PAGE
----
Valdez

Forecast Expired

Above 3,000ftConsiderable

1,500 to 3,000ftConsiderable

Below 1,500ftConsiderable

Degrees of Avalanche Danger

Avalanche Problems

Problem 1

Wind Slab:

Likelihood:

  • Almost Certain
  • Very Likely
  • Likely
  • Possible
  • Unlikely

Size:

  • Historic
  • Very Large
  • Large
  • Small

Trend

  • Increasing
  • Steady
  • Decreasing

Problem 2

Storm Snow:

Likelihood:

  • Almost Certain
  • Very Likely
  • Likely
  • Possible
  • Unlikely

Size:

  • Historic
  • Very Large
  • Large
  • Small

Trend

  • Increasing
  • Steady
  • Decreasing

Problem 3

Persistent Slab:

Likelihood:

  • Almost Certain
  • Very Likely
  • Likely
  • Possible
  • Unlikely

Size:

  • Historic
  • Very Large
  • Large
  • Small

Trend

  • Increasing
  • Steady
  • Decreasing

Avalanche Activity

2/8: Many full path avalanches were reported running around Valdez glacier lake.

2/6: 2 remote triggered avalanches on RFS at 1800-2000′.

  • SS-ARr-R1-D1-O, N aspect, 60′ wide, 50 cm crown, 1800′, failed on buried near surface facets.
  • SS-ARr-R3-D1.5-O, N aspect, 100′ wide, ~60 cm crown, 2000′, failed on buried near surface facets.

Photo of 1st remote trigger listed

-Natural avalanches observed on south aspect at mile 40, ~1800′, 1-2 feet deep and ~100′ wide. SS-NL-R2-D1.5-O.  These were triggered by small snow sluffs.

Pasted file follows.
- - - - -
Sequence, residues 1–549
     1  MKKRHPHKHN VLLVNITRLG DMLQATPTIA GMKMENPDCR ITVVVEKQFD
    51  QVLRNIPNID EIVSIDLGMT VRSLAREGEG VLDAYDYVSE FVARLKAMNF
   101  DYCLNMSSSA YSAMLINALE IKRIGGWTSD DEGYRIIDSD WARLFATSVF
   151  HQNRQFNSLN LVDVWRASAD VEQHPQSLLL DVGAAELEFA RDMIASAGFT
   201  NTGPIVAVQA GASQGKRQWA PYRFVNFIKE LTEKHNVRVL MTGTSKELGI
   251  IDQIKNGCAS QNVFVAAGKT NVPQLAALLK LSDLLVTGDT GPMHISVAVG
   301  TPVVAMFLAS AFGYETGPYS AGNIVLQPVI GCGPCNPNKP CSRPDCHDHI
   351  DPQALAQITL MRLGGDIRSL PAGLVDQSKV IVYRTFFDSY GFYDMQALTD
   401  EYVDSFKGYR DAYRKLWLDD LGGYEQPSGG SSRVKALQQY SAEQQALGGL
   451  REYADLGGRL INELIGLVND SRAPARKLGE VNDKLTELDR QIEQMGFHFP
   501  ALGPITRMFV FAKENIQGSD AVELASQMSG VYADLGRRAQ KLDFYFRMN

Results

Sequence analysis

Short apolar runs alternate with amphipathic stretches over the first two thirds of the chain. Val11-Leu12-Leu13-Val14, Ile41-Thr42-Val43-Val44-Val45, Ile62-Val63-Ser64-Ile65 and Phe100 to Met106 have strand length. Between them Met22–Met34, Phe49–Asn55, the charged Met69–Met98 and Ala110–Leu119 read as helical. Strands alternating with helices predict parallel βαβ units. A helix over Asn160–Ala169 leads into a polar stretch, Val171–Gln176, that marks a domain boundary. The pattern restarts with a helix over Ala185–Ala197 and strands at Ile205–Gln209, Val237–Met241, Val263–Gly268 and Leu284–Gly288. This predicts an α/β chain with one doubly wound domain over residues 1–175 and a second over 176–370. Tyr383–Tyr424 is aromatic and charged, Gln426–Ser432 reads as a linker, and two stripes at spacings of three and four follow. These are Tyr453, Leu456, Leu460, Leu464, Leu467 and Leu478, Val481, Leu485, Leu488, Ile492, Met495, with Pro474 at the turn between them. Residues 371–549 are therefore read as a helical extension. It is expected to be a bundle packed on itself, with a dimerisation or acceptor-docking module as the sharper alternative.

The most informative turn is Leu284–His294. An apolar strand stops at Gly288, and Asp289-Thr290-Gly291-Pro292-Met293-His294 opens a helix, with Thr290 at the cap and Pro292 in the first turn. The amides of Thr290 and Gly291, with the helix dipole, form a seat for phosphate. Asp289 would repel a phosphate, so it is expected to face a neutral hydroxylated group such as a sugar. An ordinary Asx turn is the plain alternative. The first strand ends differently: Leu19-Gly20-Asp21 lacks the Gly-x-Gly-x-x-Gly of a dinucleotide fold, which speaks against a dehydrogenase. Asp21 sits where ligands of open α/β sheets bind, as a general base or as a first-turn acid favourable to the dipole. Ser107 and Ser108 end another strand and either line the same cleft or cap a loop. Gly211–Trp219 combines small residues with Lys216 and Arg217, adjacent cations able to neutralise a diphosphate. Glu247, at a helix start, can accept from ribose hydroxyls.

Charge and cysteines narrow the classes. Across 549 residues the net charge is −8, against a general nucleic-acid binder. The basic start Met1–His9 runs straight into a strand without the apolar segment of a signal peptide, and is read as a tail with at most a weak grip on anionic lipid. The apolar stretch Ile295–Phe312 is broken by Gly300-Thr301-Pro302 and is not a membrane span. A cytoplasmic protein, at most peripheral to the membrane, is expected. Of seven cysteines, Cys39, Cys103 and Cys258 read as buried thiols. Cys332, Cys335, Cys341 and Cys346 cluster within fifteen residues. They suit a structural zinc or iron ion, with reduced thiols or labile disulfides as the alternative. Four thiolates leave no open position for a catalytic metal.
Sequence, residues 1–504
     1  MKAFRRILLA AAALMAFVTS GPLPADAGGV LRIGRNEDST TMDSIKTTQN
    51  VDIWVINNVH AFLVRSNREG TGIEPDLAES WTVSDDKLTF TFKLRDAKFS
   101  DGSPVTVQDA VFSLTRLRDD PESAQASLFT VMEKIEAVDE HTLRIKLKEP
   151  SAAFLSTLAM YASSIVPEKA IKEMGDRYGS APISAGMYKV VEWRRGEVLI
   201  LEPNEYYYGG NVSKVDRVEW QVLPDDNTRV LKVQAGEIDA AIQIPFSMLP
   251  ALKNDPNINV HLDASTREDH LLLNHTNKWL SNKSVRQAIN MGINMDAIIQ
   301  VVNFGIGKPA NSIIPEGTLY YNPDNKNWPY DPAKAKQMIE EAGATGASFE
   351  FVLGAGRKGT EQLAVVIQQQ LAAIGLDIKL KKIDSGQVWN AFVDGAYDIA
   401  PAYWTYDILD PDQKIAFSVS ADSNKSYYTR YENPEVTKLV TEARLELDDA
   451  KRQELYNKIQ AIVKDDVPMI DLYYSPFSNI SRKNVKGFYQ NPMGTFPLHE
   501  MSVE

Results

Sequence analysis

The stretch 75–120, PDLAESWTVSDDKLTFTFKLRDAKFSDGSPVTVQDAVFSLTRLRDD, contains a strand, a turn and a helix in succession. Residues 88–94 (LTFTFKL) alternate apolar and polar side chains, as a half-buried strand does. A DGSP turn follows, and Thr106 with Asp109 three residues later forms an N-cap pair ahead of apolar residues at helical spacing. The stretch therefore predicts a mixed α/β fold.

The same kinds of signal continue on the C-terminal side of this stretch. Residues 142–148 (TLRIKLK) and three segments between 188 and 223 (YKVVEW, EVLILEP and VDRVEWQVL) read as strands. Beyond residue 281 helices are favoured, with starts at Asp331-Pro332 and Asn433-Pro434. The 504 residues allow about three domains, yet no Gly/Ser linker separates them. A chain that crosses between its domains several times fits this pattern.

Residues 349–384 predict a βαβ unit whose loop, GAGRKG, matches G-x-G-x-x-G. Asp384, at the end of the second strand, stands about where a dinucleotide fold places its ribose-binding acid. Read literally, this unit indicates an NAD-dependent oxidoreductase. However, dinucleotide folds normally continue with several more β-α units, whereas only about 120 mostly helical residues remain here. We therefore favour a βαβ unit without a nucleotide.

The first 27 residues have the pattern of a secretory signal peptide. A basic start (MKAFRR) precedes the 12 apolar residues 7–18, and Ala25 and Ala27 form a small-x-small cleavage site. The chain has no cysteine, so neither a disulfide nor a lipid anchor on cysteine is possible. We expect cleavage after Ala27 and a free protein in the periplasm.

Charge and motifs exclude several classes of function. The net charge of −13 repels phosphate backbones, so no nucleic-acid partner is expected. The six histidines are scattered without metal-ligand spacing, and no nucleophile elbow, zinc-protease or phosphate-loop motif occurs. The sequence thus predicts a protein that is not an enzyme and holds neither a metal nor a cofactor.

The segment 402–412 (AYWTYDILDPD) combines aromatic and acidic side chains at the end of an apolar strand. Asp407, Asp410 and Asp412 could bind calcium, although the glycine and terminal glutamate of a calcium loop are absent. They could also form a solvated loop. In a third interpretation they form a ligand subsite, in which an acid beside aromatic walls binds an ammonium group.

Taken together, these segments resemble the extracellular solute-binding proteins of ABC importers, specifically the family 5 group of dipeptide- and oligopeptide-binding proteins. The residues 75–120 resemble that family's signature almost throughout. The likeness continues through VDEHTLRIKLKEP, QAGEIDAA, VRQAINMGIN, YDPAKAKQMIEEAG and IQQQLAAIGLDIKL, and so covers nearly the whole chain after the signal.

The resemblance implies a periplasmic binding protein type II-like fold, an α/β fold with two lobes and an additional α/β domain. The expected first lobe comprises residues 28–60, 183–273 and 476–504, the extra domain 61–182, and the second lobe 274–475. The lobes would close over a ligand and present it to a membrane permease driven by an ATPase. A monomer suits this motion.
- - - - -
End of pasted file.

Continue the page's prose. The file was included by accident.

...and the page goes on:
2/2: Numerous Small pockets of unsupported terrain released naturally in the tsaina valley below 2000′, 2′ deep.

1/27-1/30: Naturals were observed on RFS, N aspect ~6000′,

Avalanches were also observed on -40.5 mile, ~5000′ ,W aspect, 60 m crown

– 2 paths on Three Pigs, ~5000′, SE aspect, ran into the top 1/3 of aprons.

– 3 slides on Billy Mitchell ranging from 3000′-6000′, NW- N aspect.  The most significant was on the upper bowl of cry babys, ~5000′, ~200 m crown, 1-2 meters deep.  

1/23- Found fresh debris in a gully off point 3848′ behind the airport.  D2, ran ~2000′.

~ 1/10- There have been several natural windslabs that have released in the Thompson Pass region:

-South slope of catchers mitt, near 27 mile icefall,~3500′, ~300m wide ,~3′ deep, ran 500′ HS-N-R3-D2.5.  Photo shows extent of crown, which may have been bigger and is now filled in by wind transported snow.

– Gully Between Little and Big Oddessey, NW, 4000′, ~60 M wide, ~2-4′ crown, ran 1000′

-Averys, ~4000′, SW, ~70 M wide, ran ~1000′

1/11- Two natural wind slab avalanches observed at moonlight basin, 2500′-2800′, S aspect.  

The first was on the small last roll before the road and had debris chunks up to 3′ deep “crown filled in by wind”, 200′ wide.

The second was in a cross loaded gully ~ 300′ above the road, with a crown up to ~10′ deep, ~100′ wide.

 

 

Weather

1/9- Light to moderate snowfall will continue for Thompson Pass through Sunday.  As the front passes temperatures will begin to cool and outflow winds will begin.

 
The Thompson Pass Mountain Forecast covers the mountains (above
1000 ft) surrounding Keystone Canyon through Thompson Pass to
Worthington Glacier.

This forecast is for use in snow safety activities and emergency
management.

                   Today        Tonight

Temp at 1000`      35 F         26 F

Temp at 3000`      25 F         19 F

Chance of precip   80%          80%

Precip amount
(above 1000 FT)    0.32 in      0.25 in

Snow amount
(above 1000 FT)    3-6 in       2-4 in

Snow level         900 ft       400 ft